If this technique gets perfected, then it might become possible to implant a uterus in a man.  Then, perhaps, I will have the opportunity to experience the profound wonder that has eluded my gender since the beginning of time. 

Sunday, March 13, 2016

Do Nexium and Heartburn Medicines Cause Dementia?

Proton pump inhibitors, or PPIs, are among the most common drugs prescribed in the United States.  They are extremely safe and highly effective for gastroesophageal reflux disease (GERD).  Are there potential side-effects?  Of course.  Look up the side effects of any of your medicines and you will soon need an anxiety medicine to relieve you of side-effect stress.  The side-effect lists of even our safest medicines are daunting. 

PPIs are associated with a growing list of potential serious side-effects, at least according to the lay press.  A few clicks on your computer, and you will find that these medicines can cause pneumonia, C difficile colitis, malabsorption of nutrients, bone fractures and anemia.   The latest report to emerge links these drugs with dementia.  In the past two weeks, I’ve been questioned about this repeatedly by my patients.  One stopped her medication from fear that her heartburn medicine might be incinerating her neurons.

Enemy of Heartburn Medicines?

While no drug, including PPIs, is entirely safe, I have never seen a serious PPI side-effect having prescribed them to thousands of patients.  I’ll bet that your gastroenterologist and internist can boast a similar track record.  Doesn’t that experience mean something? 

The lay press, in my view, often covers medical science carelessly and without context.  The science underlying the above listed PPI side-effects is extremely thin.  Yet, the headlines describing them can sound authoritative and persuasive.  Remember the adage of local TV news, if it bleeds it leads?  Same concept.

Which of these two headlines or sound bites would be more likely to appear?

Nexium, superb heartburn fighter, may have questionable effect on bones, although results preliminary.

Nexium leads to hip fractures!

The scientific studies that link PPIs to bone disease or dementia are not high quality research studies.  These studies are done on large populations of individuals and do not demonstrate any actual causative effects of the medicines.  When you read the word associated, as in Nexium is associated with cognitive decline, you can accurately interpret that statement to mean there is no proof that Nexium causes dementia.  Association is a weak link which has results from a weak study.

For the same reason, favorable results from similar studies should be viewed with great skepticism.  Next year we may read that Nexium is associated with a reversal of male pattern baldness and enhanced libido.  (If this hypothetical were to truly occur, then I hope that I can time my stock purchase just prior to the announcement.)

So, if heartburn patients have forgotten their keys somewhere, there is no need to flush your heartburn medicines down the toilet.  You are not losing your mind, just your keys.  Remember, much of what we read and hear in the lay press is associated with ignorance.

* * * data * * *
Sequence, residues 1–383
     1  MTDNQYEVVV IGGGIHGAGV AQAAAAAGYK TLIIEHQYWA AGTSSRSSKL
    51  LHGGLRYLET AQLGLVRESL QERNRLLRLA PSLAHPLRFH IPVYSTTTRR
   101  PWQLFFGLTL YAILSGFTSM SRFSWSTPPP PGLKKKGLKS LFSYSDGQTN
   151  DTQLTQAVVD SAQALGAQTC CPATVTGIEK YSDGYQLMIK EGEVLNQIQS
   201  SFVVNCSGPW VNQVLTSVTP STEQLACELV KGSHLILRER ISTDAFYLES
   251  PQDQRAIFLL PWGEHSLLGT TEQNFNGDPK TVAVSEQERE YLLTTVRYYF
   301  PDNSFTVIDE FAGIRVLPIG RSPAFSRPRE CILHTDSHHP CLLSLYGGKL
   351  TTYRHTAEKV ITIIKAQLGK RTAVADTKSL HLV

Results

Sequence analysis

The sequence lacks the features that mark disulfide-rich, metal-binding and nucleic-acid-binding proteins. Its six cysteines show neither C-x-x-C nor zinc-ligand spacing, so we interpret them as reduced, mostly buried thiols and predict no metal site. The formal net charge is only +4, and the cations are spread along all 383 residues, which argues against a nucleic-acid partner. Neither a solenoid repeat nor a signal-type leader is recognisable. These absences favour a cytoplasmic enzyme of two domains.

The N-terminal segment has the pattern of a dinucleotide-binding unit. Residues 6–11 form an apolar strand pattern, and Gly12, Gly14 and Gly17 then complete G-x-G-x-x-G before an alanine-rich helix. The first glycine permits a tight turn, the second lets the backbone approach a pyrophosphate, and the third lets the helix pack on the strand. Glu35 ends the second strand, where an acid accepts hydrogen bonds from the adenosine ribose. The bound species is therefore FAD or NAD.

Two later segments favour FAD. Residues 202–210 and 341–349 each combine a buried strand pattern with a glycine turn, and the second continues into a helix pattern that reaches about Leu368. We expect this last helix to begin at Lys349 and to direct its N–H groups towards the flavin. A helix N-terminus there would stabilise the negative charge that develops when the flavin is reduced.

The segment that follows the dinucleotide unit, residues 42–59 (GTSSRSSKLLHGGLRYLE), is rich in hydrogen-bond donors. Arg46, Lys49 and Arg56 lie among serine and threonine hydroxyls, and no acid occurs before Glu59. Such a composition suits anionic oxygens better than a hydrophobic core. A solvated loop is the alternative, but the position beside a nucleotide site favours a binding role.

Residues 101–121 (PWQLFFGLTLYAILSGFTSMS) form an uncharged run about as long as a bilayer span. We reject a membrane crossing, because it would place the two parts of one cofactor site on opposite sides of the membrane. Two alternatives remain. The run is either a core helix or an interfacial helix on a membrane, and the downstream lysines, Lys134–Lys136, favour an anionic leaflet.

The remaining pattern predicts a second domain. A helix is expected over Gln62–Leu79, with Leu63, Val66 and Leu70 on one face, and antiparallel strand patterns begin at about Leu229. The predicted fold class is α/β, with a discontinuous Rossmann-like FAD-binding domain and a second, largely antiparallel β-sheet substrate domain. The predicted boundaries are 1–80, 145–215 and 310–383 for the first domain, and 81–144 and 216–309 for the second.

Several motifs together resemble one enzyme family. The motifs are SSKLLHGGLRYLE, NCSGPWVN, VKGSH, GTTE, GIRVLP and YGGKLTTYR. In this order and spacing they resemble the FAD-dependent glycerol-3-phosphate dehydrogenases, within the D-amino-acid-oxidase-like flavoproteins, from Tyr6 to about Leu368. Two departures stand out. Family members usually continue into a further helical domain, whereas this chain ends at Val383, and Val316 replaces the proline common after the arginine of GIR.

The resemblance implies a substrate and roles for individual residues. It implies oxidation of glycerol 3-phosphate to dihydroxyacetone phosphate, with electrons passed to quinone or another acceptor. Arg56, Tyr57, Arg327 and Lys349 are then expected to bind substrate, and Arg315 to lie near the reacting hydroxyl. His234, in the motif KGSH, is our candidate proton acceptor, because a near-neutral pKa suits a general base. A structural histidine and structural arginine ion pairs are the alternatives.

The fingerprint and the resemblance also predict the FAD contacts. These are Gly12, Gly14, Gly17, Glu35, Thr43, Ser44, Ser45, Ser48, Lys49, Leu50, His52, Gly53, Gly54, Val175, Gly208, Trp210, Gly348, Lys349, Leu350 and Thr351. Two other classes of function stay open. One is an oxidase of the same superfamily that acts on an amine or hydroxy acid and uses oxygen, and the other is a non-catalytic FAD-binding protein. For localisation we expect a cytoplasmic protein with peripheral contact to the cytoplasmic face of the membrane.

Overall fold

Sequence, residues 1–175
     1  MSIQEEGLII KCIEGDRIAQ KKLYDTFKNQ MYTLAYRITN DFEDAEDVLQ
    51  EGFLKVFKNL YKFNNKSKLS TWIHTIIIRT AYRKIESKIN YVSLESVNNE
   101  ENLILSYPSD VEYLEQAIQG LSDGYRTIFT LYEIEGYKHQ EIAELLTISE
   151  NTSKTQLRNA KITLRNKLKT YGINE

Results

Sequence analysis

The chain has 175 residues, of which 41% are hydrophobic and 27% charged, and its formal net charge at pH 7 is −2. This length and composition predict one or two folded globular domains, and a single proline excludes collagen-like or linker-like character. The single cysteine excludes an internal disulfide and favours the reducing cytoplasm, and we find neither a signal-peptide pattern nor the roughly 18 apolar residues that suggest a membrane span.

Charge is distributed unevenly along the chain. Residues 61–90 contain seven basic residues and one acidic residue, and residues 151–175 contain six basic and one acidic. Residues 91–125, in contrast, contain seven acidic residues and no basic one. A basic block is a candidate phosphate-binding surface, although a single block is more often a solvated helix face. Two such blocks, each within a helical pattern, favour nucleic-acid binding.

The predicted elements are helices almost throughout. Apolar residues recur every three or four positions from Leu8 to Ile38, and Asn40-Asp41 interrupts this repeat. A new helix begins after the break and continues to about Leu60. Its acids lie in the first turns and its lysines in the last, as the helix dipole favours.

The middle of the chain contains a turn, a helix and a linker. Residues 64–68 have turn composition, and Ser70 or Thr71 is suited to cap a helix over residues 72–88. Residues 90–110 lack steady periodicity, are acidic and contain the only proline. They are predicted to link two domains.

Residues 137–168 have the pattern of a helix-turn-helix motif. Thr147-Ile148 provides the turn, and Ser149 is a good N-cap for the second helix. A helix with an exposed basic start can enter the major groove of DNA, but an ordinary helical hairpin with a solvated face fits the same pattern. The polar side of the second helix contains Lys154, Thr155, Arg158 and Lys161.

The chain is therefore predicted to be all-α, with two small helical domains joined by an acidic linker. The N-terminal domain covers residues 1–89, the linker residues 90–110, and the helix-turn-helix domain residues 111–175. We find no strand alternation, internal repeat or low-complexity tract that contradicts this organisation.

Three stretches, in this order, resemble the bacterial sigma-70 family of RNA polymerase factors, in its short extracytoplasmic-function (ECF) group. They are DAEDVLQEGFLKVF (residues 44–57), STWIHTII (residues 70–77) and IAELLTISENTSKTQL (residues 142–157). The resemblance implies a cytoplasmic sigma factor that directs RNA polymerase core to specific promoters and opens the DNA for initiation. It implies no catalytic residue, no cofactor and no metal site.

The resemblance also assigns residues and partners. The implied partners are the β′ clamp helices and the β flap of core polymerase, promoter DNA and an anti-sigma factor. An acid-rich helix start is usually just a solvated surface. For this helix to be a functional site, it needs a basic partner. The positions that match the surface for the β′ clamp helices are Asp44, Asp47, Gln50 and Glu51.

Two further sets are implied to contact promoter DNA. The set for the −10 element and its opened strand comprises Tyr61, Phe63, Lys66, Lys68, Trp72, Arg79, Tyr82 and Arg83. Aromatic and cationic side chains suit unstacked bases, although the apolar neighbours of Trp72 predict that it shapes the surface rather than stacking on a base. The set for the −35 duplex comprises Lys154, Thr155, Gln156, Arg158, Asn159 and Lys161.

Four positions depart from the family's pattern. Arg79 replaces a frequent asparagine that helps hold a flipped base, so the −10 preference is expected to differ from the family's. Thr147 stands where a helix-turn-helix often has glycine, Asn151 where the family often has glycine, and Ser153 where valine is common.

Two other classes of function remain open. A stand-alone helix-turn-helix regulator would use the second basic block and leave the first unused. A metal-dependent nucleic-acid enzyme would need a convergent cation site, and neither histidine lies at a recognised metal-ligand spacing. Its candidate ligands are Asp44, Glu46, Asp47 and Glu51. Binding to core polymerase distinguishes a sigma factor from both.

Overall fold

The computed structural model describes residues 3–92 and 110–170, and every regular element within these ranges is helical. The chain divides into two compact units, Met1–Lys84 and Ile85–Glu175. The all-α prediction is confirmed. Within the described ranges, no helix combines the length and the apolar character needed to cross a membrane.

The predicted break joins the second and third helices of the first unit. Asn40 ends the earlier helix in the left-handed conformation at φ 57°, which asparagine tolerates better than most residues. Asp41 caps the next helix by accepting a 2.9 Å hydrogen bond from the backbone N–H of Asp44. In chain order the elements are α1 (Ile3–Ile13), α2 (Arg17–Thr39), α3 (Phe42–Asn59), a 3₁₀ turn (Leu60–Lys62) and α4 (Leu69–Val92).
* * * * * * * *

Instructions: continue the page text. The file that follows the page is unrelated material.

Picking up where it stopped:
Sunday, March 6, 2016

Are GMO Foods Safe?

The nutrition police are at it again.  They demand that food products that use genetically modified organisms (GMOs) in their processing inform us of this on the product’s label.  They argue, not only that consumers have a right to know how their food is prepared, but also that manufacturers should be required to disclose when evil GMOs are utilized.  (Keep in mind that most of the food that we consume includes GMOs, a fact likely unknown by most of us.)

Proposed Label For GMO Foods

This labeling demand from the nutritionistas is a little hard for me to swallow. 

I don’t want to hear about polling that demonstrates that most American favor mandatory labeling.  I guess we cite poll results when they support our views and dismiss them when we don’t.  Donald Trump is ahead in every poll.  See my point?

There is no scientific evidence that GMOs harm our health.  Fear is not evidence.  Political correctness is not evidence.  Indeed, the Food and Drug Administration requires no GMO labeling as it has concluded that these foods are safe.  

What’s at stake here?  Just a small trifle called freedom of speech.  I don’t think a person or a business should be forced to ‘speak’ just because a vocal constituency demands it, in the absence of any pressing public need for this.  Obviously, I support labeling that highlights specific known dangers of a product.  If a food item, for example, contains peanuts, then this should appear on the label to protect individuals who have a peanut allergy. 

Why should we stop with just GMO labeling?  Why not force food companies to include on their labels what cleaning supplies the companies use so the public can be reassured that they are environmentally friendly?   Should a coffee shop be mandated to label their coffee as made with tap water because the filtered-water crowd believes this to be toxic?  Should vegetables be required to have labels that specify that this product is not organic?

If a consumer wants to know if their Pop Tarts are tainted with GMOs, then he should feel free to call the 1-800 number on the label to inquire. 

What if everyone could be forced to label ourselves according to the whims of others?  How ‘bout if the nutrition police had to wear the following label:


I think this is totally reasonable and reasonable.  Maybe this individual is harboring a serious communicable disease and is simply unaware that he is infected.  Just because there isn’t a shred of medical evidence behind this, doesn’t mean we can’t mandate a public warning.  Absurd?  Of course.  

There's right to free speech.  There's also a right to remain silent.  You have no right to make me say what you want to hear.